Reflections After Nine Months.

We’re tired…. I’ve briefly mentioned this before, but thought I would try and explain better now. Partially at fault is the fact that Egypt (and a little bit India) really kicked the snot out of us, but mainly our brains are on information overload. We’ve met many other long term travelers on our route, and this seems to be incredibly common for any people NOT traveling alone. Singles seem to make a more relaxing experience for themselves, and seem to spend much of their time making friends and connections while seeing some of the sights. Couples, families or groups however seem to be more focussed on the sights since they’re not typically “lonely” and seeking excessive interaction with others. This is not to say that we didn’t strike up conversations with other strangers easily and often, because we absolutely did. In fact we made some exceptionally wonderful friends throughout the trip that way. It is simply that our primary goal is a little different than singles, and we wear ourselves (our brains really) out at a much faster rate.

Most people we’d spoken with who traveled long term in pairs or more had a breaking point of about nine to ten months. I was always surprised to hear this, and expressed time and time again that such a phenomena wouldn’t occur with my family. We were having the time of our lives! And there was no way we would consider cutting it short, or be “tired” of traveling after only three quarters of the way through such an amazing opportunity. In Egypt we met a great Aussie couple that we spent lots of time with at our eight and a half month mark. They had previously taken a year off to travel the world and had cut it short and went home at the nine month mark. He easily accepted my incredulous testimony that “that “ wouldn’t happen to us, with a knowing smile and the patience of Job. The fact is that the exact same thing has happened to us. We are enjoying ourselves, and are certainly prepared to finish up our last bit of planned itinerary, but we are museumed, churched and general monumented out. If the option to go home for a while (a month or a year, or whatever) and then finish the last three months later somehow presented itself, we would all jump at it.

Our itinerary was lucky to make this phenomena less of an impact. Our last foreign area is Europe, with the last month and a bit spent in our home country, reconnecting with friends, family and indeed, our own heritage and identities. This is the difference between winding up with good overall feelings or remembering our last portion (and thus a stronger impression embeded in our minds of the entire trip) as being not fun and a general pain in the backside. Anyone (families, pairs or groups that is) considering a similar trip would be wise to plan a route in a similar manner intentionally for the the emotional well being of yourselves. The weaning back to a “normal”, civil society (via Europe for us) might sound inflammatory, but is is a very useful step in rounding out the trip. I couldn’t possibly imagine going to South America now (near the end) and being able to give it a fair shake, and be as open minded and embracing of all it has to offer as I was when we traveled there much earlier in our trip.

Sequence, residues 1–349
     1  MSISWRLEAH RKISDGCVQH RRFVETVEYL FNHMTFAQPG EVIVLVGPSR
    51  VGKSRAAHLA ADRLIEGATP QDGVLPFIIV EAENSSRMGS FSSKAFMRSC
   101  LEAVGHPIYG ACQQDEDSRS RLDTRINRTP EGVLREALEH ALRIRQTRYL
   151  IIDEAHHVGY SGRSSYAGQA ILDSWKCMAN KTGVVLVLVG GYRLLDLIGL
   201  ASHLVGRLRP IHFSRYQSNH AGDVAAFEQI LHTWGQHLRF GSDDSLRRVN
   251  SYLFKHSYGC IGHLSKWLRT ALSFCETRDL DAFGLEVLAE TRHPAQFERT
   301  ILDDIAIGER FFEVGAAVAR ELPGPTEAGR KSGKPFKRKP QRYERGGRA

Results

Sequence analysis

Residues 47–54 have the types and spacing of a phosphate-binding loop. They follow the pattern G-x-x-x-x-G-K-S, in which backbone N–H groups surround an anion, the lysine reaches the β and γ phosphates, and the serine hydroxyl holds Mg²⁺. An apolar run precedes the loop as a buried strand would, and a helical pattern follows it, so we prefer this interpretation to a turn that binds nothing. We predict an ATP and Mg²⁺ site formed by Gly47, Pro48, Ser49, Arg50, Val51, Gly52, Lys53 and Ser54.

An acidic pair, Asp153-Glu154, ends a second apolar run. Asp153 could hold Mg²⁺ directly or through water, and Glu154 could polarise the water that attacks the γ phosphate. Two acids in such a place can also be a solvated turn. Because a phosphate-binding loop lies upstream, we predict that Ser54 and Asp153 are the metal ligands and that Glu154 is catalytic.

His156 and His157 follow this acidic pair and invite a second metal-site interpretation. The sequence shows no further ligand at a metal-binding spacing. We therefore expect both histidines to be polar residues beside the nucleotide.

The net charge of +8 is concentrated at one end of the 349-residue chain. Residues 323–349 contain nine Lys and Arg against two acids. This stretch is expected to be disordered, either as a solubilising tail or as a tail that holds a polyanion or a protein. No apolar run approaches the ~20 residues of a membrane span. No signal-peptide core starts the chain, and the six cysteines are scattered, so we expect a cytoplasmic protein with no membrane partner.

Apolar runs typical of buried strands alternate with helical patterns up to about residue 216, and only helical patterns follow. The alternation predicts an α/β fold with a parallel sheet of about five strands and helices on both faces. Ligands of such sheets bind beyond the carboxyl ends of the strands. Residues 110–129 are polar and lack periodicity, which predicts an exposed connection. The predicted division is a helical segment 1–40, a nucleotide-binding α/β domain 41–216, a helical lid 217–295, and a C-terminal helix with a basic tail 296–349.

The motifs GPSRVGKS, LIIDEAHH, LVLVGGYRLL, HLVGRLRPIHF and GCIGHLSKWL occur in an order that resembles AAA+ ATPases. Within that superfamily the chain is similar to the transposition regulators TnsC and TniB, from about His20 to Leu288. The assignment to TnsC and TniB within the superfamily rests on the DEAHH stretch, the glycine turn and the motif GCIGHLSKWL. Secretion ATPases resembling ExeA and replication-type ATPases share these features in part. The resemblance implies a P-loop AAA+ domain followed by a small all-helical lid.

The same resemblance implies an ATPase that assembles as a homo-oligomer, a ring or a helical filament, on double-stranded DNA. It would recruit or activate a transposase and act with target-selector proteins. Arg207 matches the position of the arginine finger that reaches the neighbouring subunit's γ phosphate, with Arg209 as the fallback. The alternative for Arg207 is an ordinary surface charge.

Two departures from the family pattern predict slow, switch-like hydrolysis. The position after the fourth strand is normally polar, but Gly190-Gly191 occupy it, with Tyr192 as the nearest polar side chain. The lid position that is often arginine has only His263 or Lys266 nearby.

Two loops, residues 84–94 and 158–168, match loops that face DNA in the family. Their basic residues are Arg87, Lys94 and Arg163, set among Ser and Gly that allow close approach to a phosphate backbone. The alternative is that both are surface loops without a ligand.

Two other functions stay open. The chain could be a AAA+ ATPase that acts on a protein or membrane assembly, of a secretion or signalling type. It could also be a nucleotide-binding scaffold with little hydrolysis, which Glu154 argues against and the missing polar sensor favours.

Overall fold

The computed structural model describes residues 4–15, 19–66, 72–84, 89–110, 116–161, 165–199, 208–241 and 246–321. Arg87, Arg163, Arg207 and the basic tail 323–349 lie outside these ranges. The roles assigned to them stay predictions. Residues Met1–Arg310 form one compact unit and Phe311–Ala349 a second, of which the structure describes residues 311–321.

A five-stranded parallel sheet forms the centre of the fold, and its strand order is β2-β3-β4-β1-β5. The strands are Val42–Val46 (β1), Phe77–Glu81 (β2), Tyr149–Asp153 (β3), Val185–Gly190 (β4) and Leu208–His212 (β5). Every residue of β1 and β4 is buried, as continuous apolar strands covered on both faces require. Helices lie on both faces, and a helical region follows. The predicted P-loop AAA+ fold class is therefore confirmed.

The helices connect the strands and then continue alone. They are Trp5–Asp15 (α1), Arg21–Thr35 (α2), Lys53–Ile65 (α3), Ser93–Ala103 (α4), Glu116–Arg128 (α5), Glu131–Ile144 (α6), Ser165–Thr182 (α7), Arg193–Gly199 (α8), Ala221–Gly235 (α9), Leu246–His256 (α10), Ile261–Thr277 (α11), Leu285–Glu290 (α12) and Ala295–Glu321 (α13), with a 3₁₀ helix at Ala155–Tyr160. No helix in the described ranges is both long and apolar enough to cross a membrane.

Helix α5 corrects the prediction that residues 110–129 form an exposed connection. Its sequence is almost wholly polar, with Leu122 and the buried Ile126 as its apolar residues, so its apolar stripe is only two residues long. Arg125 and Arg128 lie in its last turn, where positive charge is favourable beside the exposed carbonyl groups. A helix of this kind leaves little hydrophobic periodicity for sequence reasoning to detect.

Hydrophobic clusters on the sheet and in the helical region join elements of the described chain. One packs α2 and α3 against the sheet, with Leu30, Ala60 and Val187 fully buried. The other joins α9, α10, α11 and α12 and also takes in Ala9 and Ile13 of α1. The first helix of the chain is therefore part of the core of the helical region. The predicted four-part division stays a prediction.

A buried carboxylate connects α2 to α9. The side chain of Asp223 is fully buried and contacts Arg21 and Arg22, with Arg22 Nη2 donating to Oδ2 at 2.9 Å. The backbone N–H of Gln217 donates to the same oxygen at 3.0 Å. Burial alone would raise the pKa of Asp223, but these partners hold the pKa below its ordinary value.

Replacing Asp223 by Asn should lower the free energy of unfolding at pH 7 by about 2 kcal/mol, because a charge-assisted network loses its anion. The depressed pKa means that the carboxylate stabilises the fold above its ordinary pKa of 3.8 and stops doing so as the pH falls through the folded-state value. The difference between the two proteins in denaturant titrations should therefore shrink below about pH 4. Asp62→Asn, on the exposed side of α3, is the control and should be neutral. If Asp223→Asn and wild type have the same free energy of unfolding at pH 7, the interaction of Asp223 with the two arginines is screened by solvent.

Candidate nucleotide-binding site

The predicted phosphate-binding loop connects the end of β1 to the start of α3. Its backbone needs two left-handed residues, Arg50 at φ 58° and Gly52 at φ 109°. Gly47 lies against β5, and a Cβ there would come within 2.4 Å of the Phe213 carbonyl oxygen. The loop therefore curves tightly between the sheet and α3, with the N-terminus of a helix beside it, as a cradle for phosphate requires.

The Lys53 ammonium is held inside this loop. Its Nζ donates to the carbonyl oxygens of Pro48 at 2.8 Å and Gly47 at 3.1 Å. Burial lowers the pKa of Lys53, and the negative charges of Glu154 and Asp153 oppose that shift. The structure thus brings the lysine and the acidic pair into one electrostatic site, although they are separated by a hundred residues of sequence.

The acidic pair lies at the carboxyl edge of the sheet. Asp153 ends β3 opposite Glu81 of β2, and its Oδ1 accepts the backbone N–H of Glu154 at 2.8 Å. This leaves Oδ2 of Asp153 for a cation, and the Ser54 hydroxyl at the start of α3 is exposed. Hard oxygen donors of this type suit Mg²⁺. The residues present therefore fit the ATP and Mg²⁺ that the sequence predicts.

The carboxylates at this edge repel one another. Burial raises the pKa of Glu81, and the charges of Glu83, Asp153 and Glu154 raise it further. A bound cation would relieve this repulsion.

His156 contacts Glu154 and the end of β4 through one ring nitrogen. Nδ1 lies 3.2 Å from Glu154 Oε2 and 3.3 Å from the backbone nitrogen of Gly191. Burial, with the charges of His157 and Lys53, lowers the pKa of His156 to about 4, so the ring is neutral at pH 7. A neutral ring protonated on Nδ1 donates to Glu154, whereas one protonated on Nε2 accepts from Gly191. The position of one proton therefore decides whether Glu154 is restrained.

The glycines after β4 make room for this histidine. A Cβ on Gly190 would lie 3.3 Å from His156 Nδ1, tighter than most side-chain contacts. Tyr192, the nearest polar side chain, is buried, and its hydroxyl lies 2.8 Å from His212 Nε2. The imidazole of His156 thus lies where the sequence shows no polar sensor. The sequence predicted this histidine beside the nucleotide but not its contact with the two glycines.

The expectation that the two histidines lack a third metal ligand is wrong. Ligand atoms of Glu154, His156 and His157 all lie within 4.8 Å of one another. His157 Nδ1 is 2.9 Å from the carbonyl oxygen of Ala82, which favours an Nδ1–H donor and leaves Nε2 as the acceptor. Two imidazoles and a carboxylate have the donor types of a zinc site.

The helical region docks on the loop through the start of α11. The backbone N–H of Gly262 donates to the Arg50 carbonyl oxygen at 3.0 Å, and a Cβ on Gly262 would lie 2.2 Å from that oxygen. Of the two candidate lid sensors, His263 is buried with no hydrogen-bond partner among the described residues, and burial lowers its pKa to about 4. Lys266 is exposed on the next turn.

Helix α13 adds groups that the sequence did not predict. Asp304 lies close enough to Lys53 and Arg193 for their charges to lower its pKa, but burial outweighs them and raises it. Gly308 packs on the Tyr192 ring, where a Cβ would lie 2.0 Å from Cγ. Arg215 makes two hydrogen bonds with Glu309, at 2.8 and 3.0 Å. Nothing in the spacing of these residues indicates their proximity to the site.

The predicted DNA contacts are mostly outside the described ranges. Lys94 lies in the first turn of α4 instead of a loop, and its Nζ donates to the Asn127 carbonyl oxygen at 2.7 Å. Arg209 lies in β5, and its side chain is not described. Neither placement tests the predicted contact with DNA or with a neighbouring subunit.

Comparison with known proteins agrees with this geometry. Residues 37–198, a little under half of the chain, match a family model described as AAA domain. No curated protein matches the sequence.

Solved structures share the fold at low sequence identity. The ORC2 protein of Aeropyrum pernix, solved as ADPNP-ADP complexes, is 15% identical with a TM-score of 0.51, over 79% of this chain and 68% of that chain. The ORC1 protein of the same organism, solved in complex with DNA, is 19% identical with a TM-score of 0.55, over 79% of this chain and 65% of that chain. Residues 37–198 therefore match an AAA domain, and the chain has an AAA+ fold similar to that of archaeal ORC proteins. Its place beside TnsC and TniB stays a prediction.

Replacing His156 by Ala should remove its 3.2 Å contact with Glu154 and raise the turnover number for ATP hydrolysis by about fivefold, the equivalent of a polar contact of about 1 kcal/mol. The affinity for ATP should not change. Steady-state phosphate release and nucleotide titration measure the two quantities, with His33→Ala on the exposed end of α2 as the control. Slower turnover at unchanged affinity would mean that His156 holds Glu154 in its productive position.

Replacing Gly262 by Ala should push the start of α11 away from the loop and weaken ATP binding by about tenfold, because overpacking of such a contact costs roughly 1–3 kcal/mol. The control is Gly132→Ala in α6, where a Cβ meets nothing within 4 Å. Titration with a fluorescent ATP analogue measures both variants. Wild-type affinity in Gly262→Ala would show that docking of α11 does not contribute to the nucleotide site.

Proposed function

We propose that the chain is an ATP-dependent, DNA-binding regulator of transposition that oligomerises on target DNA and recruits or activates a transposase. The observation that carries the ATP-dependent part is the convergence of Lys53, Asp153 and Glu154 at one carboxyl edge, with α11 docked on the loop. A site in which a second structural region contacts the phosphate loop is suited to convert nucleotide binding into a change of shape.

Changes

We’ve been asked often about what we would do differently or what changes we would have made if we knew before what we knew now. I try to live life without regrets, and therefore tend to ignore most of those kinds of fruitless backtracking in my mind. The one and only thing I would change would be to have purchased an organized tour (GAP or Intrepid) for Egypt. That would have insulated us from much of the hassles and the less than desirable experiences we did have. There were many other little “bad” things that we could have done differently to our benefit, but I generally consider those to be part of the overall life (and learning) experience. Egypt was the only thing I would do differently. Oh, and as I was analyzing and reconciling these feelings, I gave the Aussie friend a call and joyfully proclaimed, “Yes Ron, I understand EXACTLY how you felt, and readily agree now too.” He was very gracious about my previous teasing behavior and we simply had a wonderful moment of shared enlightenment.

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